A. Lange & Söhne Richard Lange Tourbillon Pour le Mérite Reviewed by Tim Mosso

by Tim Mosso

A. Lange & Söhne retains the ambiance of an independent brand. Like a maverick politician who joins a major party solely for ballot access, Lange’s existence in the Richemont collective feels more like a conduit to resources than the usual Borg-style assimilation. And the Richard Lange Tourbillon Pour le Mérite feels more like the type of watch that would spring from a Greubel Forsey or Lang & Heyne than from a tenant brand of the groupiest of luxury groups.

Lange has always been different. From its low volume (more than 5,000 but well under 10,000) to its management stability (a single CEO since 2011) to its surprisingly voluminous and positive employee feedback on Glassdoor.com, Lange defies expectations for an outfit extant under an imperious corporate overlord.

Interesting people have passed through its doors. The alumni club includes master independent watchmaker Richard Habring, Moritz Grossmann CEO and founder Christine Hutter; current Lang & Heyne Development Director Jens Schneider, influential watch executive Hartmut Knothe, and long-reigning Lange Director of Product Development, Anthony De Haas. These Lange shipmates and many others have had a seismic impact on the industry.

The modern version of the Lange company is a post-communist success story that started in 1990 after the fall of the wall. Strictly speaking, the collectivized GUB watch factory was the directly descended entity comprised in part of the old A. Lange & Söhne; that company today is known as Glashütte Original.

The company currently doing business under the Lange name was created by German watch executive Günter Blümlein, Lange family scion Walter Lange, and the technical team that delivered the first four production models in 1994.

Bought below estimate: the author’s A. Lange & Söhne Pour le Mérite Tourbillon

A. Lange & Söhne Pour le Mérite Tourbillon

The flagship of that model line, the Tourbillon Pour le Mérite (TPLM), is the direct ancestor of today’s featured watch. With a fusée-and-chain, a tourbillon regulator, and a power reserve indicator, the fearsomely complex watch required an alliance between Lange Uhren and Audemars Piguet Renaud et Papi.

A. Lange & Söhne Richard Lange Tourbillon Pour le Mérite on the wrist

How much and what each party contributed is a matter of which side is telling the tale, but suffice to say, the finished watch looked and felt more like a German Lange than a French-Swiss AP product.



By combining a fusée constant force device with a tourbillon regulator, Lange created a world-first that beat F.P. Journe’s conceptually similar tourbillon remontoir system to market by half a decade. In fairness, Journe’s prototype was running in 1991, but Lange won the race to market like Secretariat won at Belmont.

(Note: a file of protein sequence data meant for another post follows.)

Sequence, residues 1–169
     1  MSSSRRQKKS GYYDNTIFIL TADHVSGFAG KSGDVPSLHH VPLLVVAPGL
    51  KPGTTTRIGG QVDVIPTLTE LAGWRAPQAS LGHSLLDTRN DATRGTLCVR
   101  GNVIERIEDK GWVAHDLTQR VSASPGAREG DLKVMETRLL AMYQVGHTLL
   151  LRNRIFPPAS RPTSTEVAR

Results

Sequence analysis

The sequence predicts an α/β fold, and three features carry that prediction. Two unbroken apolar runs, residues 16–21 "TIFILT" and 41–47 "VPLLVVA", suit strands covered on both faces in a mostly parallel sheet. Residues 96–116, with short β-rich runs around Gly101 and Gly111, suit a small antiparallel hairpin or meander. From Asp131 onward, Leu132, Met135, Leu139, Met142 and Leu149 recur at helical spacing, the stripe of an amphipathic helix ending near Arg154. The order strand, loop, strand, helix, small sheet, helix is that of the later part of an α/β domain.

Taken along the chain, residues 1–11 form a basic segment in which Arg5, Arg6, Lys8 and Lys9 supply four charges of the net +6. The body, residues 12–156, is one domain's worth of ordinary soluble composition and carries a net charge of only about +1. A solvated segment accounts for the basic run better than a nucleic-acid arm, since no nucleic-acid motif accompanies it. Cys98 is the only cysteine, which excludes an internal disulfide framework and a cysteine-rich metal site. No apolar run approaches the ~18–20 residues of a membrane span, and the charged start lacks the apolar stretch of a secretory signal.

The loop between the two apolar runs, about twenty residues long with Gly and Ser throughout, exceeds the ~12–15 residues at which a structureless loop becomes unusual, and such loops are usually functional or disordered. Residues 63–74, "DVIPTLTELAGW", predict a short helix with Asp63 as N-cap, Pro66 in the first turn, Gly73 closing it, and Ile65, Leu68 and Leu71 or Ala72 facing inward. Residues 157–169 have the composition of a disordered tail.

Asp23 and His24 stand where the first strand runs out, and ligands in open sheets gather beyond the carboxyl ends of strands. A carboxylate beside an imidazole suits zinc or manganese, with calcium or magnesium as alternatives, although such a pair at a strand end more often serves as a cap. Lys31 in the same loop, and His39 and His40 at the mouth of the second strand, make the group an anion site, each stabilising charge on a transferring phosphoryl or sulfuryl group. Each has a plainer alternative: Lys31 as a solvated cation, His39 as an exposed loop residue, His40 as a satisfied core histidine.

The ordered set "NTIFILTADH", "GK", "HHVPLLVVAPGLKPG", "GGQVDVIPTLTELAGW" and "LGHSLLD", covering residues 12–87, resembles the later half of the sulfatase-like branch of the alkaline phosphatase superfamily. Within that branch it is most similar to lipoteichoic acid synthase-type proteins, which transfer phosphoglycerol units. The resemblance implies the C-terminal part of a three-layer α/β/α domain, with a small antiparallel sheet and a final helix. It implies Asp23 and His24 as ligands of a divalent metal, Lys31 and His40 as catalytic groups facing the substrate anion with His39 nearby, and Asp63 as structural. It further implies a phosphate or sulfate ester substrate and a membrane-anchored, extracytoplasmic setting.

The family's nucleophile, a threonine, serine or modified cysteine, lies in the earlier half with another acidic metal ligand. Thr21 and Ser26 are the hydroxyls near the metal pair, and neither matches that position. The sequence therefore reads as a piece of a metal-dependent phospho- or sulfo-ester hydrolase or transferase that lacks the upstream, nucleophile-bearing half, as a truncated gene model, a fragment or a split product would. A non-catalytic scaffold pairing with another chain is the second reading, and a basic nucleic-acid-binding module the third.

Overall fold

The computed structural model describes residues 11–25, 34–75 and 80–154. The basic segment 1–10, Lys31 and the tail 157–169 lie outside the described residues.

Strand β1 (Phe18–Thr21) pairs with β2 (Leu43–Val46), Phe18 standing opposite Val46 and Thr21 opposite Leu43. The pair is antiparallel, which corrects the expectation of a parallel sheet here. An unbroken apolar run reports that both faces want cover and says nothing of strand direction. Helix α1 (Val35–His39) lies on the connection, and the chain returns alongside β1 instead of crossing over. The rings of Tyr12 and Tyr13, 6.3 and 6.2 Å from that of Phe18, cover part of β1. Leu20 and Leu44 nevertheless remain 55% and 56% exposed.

Not only did the TPLM set a modern-day mark for luxury horology in general, but it contributed a phrase to the lexicon of the Lange brand: “Pour le Mérite.” Originally a Prussian-conceived honor for military and later civilians, it was a prestigious accord that would have been familiar to early watchmaking members of the Lange family.

A. Lange & Söhne Richard Lange Tourbillon Pour le Mérite

2011 witnessed the arrival of the Richard Lange Tourbillon Pour le Mérite as a model, and the white gold variant showcased herein was a 2014 update to the line. Explored from the top down, this watch reveals its magic.

“Richard Lange” is Lange-talk for “Roman numeral” dials, and we get those numerals on a dial crafted of sterling silver. While it’s tempting to describe the overlapping registers of the regulator-style dial as a “Venn diagram,” this triple-overlap “Seyffert” arrangement is named after nineteenth-century German watchmaker Johann H. Seyffert who established this style.

A. Lange & Söhne Richard Lange Tourbillon Pour le Mérite

At first glance, the one-minute tourbillon appears to be the clear star of the show, but that lasts only until roughly six o’clock. Lange watchmakers installed a trap door in the form of a partial dial that springs into view bearing the missing numerals “VIII, IX, and X.” Within the space of fifteen minutes, the sub-dial deploys to fill the gap in the hour track left by the tourbillon aperture. Once the necessary hours have elapsed, the fragment dial vanishes, leaving one’s view of the tourbillon unobstructed.

Lest it be upstaged, the tourbillon offers its own litany of tricks. Most impressive is Lange’s long-running “tourbillon hack” that permits the one-minute tourbillon to stop on command and serve as a precise second hand for the watch.

Diamond endcap on the Richard Lange Tourbillon Pour le Mérite

At the base of the tourbillon carriage, its lower bridge features a genuine brilliant-cut diamond in place of a synthetic ruby capstone.

Naturally, an overcoil hairspring and five-position adjustment ensure that this tourbillon is as chronometrically accomplished as its aesthetics are impressive.



The case profile of this watch is its most generic quality. There’s nothing crude or homely about the 41.9mm cylindrical vessel, its stepped lugs, or its domed bezel, but this shape suffers from overexposure. Short of the Odysseus, Cabaret, and Arkade, every modern Lange you’ve ever seen – regardless of price – has used some version of this case design. The endlessly iterated generic form is the weakest element of the RLTPLM. Even AP, for all its dress watch futility, has dared to offer more variety.